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Sydney psychologist suspended after relationship with patient

A Sydney psychologist who had a personal relationship with a patient has been banned from practising for a year.

Julie Ann Catt was suspended from practising as a psychologist for a year from Monday, following a decision in the NSW Civil and Administrative Tribunal following a case brought on by the Health Care Complaints Commission (HCCC).

Catt began seeing the woman as her therapist in 2009, years before a personal relationship began.

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At the time she began seeing her, the patient believed she was suffering from depression and was experiencing night terrors and anger management problems.

In about 2010 or 2011, the patient said she became aware she was experiencing an attraction and feelings for Catt.

In 2012, the pair began sending “flirtatious” emails to each other, including one in which Catt said, “you blow my mind”.

“There’s a saying in the biz: “You do in the room what you do in the world. And that’s why I have all kinds of complicated feelings about being flirtatious with you,” Catt wrote to her patient.

In October 2014, the patient asked to be referred to another therapist.

By the latter half of 2015, the pair expressed strong feelings for each other.

“I’ve fallen in love with you too. That is a very hard sentence for me to write because it is laden with questions and ethical problems,” Catt said in one email.

Between May 2015 and May 2017, after their professional relationship ended, Catt engaged in “sexual activity” with the patient, the HCCC said.

“Catt failed to maintain proper boundaries and let that escalate to a full-blown emotional affair with the patient. The boundary violations, inappropriate communications and emotional affair lasted many years,” the HCCC submitted to the tribunal.

In 2018, Catt told the patient in an email: “I feel like my decision to connect romantically with you, despite my best (and lame) efforts to manage the timing of it all, has been ethically dodgy … I should have waited until the two years was up before I allowed myself to enter into any dialogue with you.”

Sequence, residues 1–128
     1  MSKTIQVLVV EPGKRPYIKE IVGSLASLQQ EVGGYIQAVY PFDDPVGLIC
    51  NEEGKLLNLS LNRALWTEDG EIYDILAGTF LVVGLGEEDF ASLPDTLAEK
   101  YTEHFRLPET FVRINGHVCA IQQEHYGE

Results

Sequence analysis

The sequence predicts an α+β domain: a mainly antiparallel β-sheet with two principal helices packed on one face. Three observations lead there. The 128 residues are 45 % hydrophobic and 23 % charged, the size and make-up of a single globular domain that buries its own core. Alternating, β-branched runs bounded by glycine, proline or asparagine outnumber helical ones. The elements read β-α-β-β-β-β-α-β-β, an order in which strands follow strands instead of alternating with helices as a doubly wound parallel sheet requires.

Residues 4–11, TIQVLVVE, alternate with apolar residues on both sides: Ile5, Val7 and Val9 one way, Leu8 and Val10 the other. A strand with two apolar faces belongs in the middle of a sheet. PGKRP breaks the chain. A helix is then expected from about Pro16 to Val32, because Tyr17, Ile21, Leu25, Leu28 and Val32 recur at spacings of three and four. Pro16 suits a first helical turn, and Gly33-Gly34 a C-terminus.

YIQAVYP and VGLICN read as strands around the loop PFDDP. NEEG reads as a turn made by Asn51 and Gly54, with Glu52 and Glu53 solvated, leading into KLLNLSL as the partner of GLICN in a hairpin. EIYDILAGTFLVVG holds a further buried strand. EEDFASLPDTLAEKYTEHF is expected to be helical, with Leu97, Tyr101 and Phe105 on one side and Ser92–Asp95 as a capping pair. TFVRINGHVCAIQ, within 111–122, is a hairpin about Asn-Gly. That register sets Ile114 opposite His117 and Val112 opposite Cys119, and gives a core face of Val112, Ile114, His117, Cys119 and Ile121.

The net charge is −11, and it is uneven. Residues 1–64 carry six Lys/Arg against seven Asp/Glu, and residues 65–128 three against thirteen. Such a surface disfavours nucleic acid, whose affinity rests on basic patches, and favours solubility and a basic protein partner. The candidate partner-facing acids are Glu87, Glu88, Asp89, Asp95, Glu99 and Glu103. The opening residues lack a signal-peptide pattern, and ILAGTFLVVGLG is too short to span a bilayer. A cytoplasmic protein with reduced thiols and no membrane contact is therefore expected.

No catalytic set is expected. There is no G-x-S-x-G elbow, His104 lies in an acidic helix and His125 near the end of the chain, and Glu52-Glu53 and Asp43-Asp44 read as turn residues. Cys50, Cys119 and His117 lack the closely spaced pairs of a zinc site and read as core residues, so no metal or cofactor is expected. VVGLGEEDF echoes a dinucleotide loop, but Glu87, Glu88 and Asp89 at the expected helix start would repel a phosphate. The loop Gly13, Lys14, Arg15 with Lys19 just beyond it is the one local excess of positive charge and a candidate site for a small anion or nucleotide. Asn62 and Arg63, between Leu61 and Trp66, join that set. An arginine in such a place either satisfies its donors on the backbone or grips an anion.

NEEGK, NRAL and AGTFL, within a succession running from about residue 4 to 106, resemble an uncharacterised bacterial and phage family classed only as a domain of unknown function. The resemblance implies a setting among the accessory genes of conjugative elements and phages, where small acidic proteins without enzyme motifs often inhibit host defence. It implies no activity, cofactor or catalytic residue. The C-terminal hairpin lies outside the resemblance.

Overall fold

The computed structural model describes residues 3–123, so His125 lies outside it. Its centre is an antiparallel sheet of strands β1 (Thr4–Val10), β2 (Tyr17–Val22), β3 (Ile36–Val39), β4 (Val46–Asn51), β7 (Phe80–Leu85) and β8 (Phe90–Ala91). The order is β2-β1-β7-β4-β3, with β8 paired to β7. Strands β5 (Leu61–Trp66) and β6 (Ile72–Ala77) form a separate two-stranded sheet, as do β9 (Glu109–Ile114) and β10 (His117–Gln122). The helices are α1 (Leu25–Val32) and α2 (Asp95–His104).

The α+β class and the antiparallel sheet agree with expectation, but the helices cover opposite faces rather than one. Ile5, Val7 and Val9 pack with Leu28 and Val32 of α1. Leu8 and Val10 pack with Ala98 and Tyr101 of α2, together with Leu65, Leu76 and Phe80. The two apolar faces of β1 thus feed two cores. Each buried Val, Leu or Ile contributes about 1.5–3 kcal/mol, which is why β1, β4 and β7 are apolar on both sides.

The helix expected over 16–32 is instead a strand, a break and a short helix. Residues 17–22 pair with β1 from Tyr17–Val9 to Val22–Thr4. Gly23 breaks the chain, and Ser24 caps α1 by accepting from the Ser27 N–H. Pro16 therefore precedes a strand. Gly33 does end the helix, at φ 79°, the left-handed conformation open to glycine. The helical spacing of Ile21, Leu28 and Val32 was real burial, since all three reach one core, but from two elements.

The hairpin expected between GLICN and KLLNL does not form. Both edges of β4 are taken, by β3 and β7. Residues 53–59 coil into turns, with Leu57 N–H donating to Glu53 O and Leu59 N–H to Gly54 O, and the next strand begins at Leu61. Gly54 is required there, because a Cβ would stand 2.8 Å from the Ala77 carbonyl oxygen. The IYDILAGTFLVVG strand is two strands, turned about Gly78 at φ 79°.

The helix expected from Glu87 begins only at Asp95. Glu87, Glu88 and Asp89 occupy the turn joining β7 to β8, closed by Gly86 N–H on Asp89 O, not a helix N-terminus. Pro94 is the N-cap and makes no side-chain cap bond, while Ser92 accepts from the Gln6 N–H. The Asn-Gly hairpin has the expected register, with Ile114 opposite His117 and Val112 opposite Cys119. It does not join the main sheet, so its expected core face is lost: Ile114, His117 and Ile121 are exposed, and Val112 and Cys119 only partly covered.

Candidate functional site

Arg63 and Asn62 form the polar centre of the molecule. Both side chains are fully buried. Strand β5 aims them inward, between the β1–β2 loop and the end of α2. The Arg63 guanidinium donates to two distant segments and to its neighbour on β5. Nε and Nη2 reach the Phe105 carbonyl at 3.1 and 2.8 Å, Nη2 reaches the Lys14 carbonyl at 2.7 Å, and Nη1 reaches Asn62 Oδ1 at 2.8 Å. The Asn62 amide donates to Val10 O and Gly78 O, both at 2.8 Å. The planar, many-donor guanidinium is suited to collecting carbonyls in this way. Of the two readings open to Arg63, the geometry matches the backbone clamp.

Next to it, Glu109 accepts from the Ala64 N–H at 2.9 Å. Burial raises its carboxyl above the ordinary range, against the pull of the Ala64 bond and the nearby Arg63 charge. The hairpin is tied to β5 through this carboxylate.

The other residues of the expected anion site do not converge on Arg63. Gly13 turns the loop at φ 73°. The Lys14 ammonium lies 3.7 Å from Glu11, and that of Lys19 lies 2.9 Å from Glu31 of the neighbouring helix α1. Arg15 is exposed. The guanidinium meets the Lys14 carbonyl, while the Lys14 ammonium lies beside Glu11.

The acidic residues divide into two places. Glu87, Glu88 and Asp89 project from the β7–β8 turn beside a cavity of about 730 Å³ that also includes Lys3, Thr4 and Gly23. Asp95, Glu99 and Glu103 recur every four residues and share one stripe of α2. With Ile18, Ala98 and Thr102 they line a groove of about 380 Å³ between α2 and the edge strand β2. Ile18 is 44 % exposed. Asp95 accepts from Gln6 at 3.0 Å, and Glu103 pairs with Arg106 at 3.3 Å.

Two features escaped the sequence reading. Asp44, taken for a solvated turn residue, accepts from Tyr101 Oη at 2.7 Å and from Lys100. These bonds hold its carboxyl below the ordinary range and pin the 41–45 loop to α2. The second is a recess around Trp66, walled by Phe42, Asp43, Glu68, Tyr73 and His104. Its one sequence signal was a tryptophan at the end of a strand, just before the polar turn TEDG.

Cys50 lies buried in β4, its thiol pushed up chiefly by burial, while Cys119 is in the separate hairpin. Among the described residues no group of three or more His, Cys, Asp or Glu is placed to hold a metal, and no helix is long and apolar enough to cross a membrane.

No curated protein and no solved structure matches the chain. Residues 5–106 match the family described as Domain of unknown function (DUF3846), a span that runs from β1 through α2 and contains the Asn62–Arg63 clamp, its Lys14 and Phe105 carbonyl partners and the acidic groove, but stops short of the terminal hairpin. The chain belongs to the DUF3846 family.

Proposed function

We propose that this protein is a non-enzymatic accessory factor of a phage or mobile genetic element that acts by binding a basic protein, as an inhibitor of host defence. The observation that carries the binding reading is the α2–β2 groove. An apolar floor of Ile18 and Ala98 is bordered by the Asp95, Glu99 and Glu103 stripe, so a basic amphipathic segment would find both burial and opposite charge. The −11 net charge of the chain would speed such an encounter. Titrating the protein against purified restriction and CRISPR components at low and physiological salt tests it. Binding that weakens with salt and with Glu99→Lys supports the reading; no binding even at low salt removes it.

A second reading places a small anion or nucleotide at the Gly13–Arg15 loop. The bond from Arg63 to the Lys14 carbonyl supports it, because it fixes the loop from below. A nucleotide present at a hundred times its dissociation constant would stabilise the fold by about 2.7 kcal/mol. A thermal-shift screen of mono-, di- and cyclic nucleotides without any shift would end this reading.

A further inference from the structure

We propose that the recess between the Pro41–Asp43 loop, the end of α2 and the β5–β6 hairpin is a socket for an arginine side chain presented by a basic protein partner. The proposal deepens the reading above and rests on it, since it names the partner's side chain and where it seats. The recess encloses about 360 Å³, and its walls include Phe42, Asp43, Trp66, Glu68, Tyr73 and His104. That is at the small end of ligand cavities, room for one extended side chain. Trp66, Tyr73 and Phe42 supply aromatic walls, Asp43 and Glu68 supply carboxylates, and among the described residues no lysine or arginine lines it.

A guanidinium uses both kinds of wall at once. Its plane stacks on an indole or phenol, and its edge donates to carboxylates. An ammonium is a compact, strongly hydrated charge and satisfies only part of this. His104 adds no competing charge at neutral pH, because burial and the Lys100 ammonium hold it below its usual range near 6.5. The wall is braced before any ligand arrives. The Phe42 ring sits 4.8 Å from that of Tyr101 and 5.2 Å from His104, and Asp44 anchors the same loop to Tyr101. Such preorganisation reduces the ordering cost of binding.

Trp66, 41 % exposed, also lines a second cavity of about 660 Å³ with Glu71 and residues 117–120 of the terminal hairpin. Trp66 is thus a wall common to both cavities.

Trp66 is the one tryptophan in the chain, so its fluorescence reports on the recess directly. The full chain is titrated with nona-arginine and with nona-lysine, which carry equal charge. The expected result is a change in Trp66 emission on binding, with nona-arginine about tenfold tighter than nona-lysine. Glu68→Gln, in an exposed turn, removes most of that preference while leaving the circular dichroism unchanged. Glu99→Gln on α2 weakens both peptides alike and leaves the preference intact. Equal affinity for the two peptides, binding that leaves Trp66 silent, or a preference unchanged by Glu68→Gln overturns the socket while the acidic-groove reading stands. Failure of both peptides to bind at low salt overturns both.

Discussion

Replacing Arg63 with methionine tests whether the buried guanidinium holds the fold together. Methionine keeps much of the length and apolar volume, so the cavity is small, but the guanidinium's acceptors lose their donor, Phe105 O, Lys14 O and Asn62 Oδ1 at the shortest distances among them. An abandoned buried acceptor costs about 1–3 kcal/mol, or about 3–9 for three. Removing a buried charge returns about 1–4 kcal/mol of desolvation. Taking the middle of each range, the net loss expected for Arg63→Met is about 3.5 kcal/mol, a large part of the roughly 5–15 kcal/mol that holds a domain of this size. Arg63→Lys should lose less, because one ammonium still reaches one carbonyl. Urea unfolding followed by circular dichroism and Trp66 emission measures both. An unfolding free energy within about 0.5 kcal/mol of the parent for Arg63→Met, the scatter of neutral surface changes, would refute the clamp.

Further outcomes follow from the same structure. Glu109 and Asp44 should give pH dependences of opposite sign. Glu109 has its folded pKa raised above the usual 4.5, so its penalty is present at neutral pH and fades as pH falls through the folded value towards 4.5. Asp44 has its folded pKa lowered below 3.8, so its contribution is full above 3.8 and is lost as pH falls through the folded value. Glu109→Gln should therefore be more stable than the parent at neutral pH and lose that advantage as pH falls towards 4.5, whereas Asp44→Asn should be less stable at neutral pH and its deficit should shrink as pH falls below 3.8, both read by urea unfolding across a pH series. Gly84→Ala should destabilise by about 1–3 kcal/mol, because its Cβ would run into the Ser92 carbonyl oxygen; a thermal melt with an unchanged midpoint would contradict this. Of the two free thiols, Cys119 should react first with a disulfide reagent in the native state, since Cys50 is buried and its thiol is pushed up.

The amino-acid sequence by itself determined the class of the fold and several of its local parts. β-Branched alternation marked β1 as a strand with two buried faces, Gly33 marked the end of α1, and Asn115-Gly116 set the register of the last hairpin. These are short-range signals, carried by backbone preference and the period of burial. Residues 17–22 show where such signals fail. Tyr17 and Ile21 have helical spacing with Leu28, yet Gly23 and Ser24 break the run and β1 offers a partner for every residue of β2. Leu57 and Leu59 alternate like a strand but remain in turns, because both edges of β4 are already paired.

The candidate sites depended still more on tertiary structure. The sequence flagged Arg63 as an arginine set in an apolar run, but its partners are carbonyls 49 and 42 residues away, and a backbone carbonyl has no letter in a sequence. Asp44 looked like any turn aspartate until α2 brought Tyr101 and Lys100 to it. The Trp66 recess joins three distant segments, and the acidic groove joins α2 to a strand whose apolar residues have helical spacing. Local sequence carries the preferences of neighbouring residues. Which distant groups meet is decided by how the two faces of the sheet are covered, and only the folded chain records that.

In March 2019, the patient ended their personal relationship.

In a statement submitted to the tribunal, the patient outlined the impact the relationship had on her.

“I had no idea I was being re-traumatised, rather than loved,” she said.

“By 2021, I felt like I was drowning with the responsibility of protecting Julie and started to feel overwhelming guilt that I had threatened to report her in 2019.

“I felt equally guilty that I had not reported her and that she may do this to another.

“I can’t form any romantic interest or emotional attachment to another person. I often recoil against sexual, physical or emotional advances from people.

“I am squeamish about being hugged or touched in a non-sexual way by friends. I have become cut off from intimacy and feel isolated from society”.

Catt, who had been practising as a psychologist in Sydney for more than two decades, had three complaints filed against her by the HCCC.

Catt admitted most of the allegations made against her and that she was guilty to one count of unsatisfactory professional conduct and one count of professional misconduct.

She denied a second count of unsatisfactory professional conduct, stating some of the details of the complaint are repetitive of those set out in the first complaint.

Catt told the tribunal she agreed the patient was “highly vulnerable” and it would never have been appropriate for her to enter into a personal relationship with her.

Catt opposed an order seeking to cancel her registration, but a decision was made in favour of the HCCC.

“In our assessment of the respondent … we are left with the clear impression that she was, over a period of years, unable to control that aspect of her relationship with the patient, which moved it beyond that which was appropriate,” members of the tribunal said.

“We find that she clearly knew, at all relevant times, when she was inappropriately communicating with Patient A, that she was practising unethically.

“Although she appeared to be holding an opinion that the relationship with Patient A only became unethical when it moved to a physical relationship, we find she cannot reasonably have believed that to be true.”

Catt’s practitioner’s registration as a psychologist was suspended for one year, after which she will be subject to conditions when practising.

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